Technical Q. I think we're on somebody else's post and therefore your reply here is not showing up. I was just wondering sometime between tomorrow and yesterday (I think it is...Saturday), that one misses replies like that. I've had it happen before. See I need a mapmaker, forever lost around here.

No, there is a lag. It does show up. Sometimes it is a long one between what is up and what shows up under "replies". That has happened before too. Must be something like that sneaky bit of time banks use to transfer your money to keep it in mid air....
Then the Q is do these replies also just sink and not bother Sina at least?
The metaphysical implications are extensive, and Sina even mentioned them, aware of being mentioned by others, thanks to the votes I alerted him to. This creates new spaces where one can set up soda stands. If God counts every single hair on your head and hundreds of female (Renaissance and up) artists are only now being discovered (muffled away as improper at the time), none of this will go to waste. Caring and sharing: love never does. It dissolves like salt and before you know it you have a new ocean. Not a good idea for our planet, but the head is like the moon (in esoteric science), so I am always trying to find new ways to fill up that Sea of Tranquility.

My opponent

Maybe you are speaking in metaphors...

Well spotted. You have a very sharp eye. Your photographs show it, your extremely well edited texts show this. But this is next level!
But don't forget to add chess to opponent in this context!
Wonder how your chess game is.

You should try this route, no tree to crash into. lol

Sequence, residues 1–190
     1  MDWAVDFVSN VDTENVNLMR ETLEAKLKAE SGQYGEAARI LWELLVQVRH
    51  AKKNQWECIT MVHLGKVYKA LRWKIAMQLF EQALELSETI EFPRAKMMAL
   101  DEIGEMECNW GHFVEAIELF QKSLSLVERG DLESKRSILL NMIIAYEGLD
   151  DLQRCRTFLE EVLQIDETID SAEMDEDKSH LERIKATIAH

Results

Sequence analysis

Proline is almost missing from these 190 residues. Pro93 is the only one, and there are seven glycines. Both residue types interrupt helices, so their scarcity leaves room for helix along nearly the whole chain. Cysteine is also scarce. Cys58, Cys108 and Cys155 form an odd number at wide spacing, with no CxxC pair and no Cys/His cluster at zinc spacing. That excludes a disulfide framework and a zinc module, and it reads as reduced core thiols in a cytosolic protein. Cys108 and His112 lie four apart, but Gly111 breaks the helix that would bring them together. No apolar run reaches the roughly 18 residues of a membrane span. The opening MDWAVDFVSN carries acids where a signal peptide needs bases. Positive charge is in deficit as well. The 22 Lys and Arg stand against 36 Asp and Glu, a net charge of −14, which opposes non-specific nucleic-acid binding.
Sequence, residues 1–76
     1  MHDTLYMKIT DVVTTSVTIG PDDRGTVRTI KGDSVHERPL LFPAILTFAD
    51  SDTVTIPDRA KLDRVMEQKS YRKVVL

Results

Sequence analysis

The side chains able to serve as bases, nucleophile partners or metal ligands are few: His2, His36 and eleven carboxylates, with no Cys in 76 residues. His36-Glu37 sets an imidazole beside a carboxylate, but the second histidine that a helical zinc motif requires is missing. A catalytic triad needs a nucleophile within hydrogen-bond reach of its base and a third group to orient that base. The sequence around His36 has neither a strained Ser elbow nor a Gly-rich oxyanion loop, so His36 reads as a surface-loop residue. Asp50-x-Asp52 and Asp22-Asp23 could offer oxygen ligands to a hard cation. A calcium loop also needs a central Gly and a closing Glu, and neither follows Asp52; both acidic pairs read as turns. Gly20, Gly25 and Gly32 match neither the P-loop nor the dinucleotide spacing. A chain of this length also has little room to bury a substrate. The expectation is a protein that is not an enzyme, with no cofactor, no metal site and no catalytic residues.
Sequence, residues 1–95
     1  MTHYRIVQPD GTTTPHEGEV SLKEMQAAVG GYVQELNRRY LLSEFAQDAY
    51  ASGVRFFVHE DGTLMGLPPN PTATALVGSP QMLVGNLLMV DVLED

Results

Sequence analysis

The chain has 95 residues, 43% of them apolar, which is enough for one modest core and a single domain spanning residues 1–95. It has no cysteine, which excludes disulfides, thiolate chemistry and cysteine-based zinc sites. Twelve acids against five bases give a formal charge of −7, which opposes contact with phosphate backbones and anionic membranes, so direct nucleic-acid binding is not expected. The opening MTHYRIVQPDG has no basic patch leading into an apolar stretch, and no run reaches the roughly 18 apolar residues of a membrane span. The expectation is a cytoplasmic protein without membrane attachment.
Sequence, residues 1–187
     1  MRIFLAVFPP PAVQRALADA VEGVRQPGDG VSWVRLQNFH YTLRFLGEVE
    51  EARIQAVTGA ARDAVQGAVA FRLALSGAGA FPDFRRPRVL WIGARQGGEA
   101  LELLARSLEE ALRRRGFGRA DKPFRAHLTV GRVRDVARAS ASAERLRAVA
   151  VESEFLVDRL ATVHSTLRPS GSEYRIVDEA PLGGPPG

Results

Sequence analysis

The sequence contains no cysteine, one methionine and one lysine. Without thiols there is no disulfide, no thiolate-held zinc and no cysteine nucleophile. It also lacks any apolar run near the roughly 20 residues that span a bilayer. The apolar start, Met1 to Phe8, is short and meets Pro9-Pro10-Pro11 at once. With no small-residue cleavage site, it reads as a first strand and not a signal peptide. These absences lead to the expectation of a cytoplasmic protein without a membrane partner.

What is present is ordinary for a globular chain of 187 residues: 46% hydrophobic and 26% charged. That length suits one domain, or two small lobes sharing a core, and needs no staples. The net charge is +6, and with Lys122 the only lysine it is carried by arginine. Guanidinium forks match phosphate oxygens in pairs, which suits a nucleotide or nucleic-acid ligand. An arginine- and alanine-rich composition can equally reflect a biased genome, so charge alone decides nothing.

The trees where I ride are big enough to stop a Truck, but I have experience with the dessert also. At this stage in life I won't challenge the dessert anymore, so I hope to see more of your explorations.

Interesting that in this virtual world we (or maybe just I) think others are like us, till we find out they aren't, so you should be older than what I thought at first.

But anyway, one should like to be challenged by a dessert, specially when riding in a desert. (sometimes a simple "s" makes a big difference.)

Love the fisheye lens! Do old school Hip-hop.

Love the fisheye lens!

I'm glad

Do old school Hip-hop.

I don't get it.

Sorry... It's so old school hip hop

You dig?

I not into music as much as you (considering your blog). I searched a little, but no luck in finding the right video.

Also didn't know that dig means to approve of something very much, so I was thinking what "you dig" possibly mean. I didn't post a photo of shovel...

Then checked the dictionary and found that meaning for dig.

Posted using Partiko Android

Oh... Lol... Thanks for the effort.

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I would never do something like this (even in Europe) unless there is a cyclist path. I've seen people riding bikes here in very dangerous road and as a driver I thought they were crazy. I think the worst situation is in the Netherlands (at least from what I saw)

And driving in such heat in a desert. Oh boy, you are crazy :) But kuddos to you for what you did. I would probably call my family much earlier or I would simply not go. But you tried and you learned.

I admire your drive and will :)

Have a lovely weekend!

I would never do something like this (even in Europe) unless there is a cyclist path

So basically you're either a psychopath or you're riding in the cyclist path. (psychopath and cyclist path were close, so I needed to use them in one sentence. lol)

(Though I didn't do it for that reason but) I think we need those kind of cyclist to remind the people, it's possible to travel by bike, so maybe the next time they're paving a road they'll take cyclist into consideration.
I'd rather drive this route with my own van (which also has enough room for my bike), but I don't own a van...

I would probably call my family much earlier or I would simply not go.

The problem is that if I had told my parents about it, they wouldn't let me do it.

But you tried and you learned.

Yeah, and I learned that I don't really want to travel by bike. Maybe I'll do it someday in a world without motor vehicles.

Thanks!

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That's pretty sweet

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SUPER SWEET :)

😉

Thanks! @travelfeed and @for91days

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It's our pleasure!